After headlines proclaimed progress had been made on a trade deal between the U.S. and China, the optimism for a quick resolution took a hit. With reports coming out that a deal is unlikely to be agreed upon before the middle of May, many traders are looking at this as going back to square one.
“It feels like a rerun,” said Ryan Pfantz, a commodity marketing analyst at Mid-Iowa Cooperative. “It’s like I’ve seen this episode so many times now. It’s actually quite fatiguing, to be quite honest.”
Pfantz said there were some positives from a trade perspective, like the sale of 828,000 metric tons of soybeans announced April 1 and 300,000 metric tons of corn back on March 22. With a trade deal, more of those exports are likely.
However, he warns that the markets might not rise on a trade deal.
“You sit here and look at where prices are at, on soybeans in particular, and it feels like a trade deal is already baked in,” Pfantz said. “If some type of an announcement comes down the pipeline, I don’t think you’ll get much market reaction at all to the upside.”
That leaves markets looking domestically for reasons to move upward. With high grain stocks and carryout numbers, the weather is seemingly the only thing that can boost markets.
“We were building a positive outlook going into the growing season, but (those reports) pretty much hammered that,” Pfantz said. “That was a really bad report. (Weather is) pretty much it.”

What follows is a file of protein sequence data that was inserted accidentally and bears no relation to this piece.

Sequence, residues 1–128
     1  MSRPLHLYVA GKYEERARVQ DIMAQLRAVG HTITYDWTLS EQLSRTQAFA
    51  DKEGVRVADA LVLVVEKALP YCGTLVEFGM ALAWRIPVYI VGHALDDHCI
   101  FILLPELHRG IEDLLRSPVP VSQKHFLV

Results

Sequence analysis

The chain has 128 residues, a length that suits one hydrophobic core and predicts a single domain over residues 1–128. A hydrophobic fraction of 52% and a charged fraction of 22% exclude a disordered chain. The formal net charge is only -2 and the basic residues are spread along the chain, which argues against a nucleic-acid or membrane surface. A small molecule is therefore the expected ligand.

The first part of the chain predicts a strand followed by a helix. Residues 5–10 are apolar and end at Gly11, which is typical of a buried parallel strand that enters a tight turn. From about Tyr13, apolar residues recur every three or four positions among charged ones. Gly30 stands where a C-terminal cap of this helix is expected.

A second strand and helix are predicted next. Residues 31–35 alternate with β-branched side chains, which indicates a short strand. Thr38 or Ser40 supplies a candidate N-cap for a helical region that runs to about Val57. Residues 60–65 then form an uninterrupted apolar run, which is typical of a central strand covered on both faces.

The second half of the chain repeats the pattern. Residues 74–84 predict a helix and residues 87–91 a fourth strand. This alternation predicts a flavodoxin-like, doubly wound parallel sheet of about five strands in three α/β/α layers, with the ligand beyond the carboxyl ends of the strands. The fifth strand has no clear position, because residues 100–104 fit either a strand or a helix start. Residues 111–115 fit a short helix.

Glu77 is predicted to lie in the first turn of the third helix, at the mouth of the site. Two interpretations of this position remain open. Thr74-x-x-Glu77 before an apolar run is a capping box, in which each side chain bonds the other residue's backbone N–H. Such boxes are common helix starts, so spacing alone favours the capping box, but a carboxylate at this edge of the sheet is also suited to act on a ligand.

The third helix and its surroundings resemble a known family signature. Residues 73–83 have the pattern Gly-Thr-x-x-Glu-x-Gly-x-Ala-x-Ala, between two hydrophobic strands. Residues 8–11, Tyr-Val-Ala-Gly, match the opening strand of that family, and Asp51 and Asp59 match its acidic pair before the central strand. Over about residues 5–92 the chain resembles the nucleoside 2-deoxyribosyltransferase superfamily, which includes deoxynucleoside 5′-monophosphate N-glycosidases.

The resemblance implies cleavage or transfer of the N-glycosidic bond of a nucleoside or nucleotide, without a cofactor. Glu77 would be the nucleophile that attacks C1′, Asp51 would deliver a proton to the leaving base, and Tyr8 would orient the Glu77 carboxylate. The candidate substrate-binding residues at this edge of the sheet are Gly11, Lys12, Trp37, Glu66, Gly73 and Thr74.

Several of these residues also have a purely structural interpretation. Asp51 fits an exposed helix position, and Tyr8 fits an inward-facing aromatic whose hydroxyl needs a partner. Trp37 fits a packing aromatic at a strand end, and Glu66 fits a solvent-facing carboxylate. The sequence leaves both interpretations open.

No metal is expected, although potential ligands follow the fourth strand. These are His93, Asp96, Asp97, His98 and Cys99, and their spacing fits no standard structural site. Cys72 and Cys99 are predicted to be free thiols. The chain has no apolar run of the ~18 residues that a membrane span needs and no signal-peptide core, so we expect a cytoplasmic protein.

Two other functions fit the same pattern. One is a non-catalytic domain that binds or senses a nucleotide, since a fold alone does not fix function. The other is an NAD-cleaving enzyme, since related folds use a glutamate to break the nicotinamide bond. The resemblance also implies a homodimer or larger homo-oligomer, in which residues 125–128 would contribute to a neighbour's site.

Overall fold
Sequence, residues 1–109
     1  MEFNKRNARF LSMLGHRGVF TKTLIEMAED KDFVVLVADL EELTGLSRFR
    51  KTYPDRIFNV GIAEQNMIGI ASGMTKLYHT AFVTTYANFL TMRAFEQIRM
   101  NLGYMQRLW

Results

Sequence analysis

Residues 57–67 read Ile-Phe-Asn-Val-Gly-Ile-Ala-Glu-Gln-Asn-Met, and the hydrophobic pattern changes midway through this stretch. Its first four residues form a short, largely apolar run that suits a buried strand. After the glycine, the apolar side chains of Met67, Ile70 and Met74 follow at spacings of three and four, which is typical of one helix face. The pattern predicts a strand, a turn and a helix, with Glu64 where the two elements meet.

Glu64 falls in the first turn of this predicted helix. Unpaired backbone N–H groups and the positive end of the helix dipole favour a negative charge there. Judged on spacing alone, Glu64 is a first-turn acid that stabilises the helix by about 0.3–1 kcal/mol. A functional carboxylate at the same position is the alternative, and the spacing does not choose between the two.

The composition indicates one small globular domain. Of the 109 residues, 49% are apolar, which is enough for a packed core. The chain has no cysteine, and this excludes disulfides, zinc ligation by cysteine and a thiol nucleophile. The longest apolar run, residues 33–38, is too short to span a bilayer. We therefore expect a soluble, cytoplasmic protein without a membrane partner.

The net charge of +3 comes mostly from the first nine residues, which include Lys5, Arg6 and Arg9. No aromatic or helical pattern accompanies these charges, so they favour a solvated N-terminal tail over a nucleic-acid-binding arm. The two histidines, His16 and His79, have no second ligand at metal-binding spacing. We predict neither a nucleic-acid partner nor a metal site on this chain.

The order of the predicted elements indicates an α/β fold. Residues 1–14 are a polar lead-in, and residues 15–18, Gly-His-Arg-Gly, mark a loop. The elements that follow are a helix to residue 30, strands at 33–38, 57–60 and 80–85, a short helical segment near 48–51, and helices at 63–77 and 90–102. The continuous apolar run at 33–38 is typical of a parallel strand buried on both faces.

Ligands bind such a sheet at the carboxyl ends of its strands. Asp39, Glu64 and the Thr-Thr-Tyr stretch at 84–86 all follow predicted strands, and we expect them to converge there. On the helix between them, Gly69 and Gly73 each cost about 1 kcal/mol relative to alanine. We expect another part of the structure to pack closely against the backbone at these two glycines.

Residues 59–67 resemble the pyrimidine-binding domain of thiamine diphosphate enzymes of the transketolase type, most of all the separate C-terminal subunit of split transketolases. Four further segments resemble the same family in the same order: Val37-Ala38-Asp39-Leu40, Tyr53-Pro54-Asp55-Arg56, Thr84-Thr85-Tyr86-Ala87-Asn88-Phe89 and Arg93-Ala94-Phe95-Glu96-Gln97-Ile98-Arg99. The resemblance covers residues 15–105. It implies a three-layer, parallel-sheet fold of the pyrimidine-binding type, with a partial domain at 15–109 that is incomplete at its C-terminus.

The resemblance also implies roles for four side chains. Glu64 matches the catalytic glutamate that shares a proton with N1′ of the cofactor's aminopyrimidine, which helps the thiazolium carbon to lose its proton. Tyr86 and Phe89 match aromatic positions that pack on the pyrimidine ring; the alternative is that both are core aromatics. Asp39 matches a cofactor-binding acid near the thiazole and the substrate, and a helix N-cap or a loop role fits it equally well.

He said the beginning of the growing season is a good time for producers to turn on their marketing switch and have a heightened idea of what is going on for the markets.
However, while weather may delay planting corn, he said the markets will be patient before making sharp moves one way or the other.
“With the yields we’ve gotten the last several years, the market is going to assume everything will be OK,” Pfantz said. “They’ll get those kinds of yields, and it will be later in the season that we’ll realize there’s a weather problem that would materially impact yields. Other than that, it seems you can almost take yields of 180 bushels to the bank.
“The trade stance, especially after the last 2, 3, 4 years, is saying ‘prove it to me that there is a weather (impact),’” Pfantz said. “We aren’t going to buy the rumor. We are going to buy the fact.”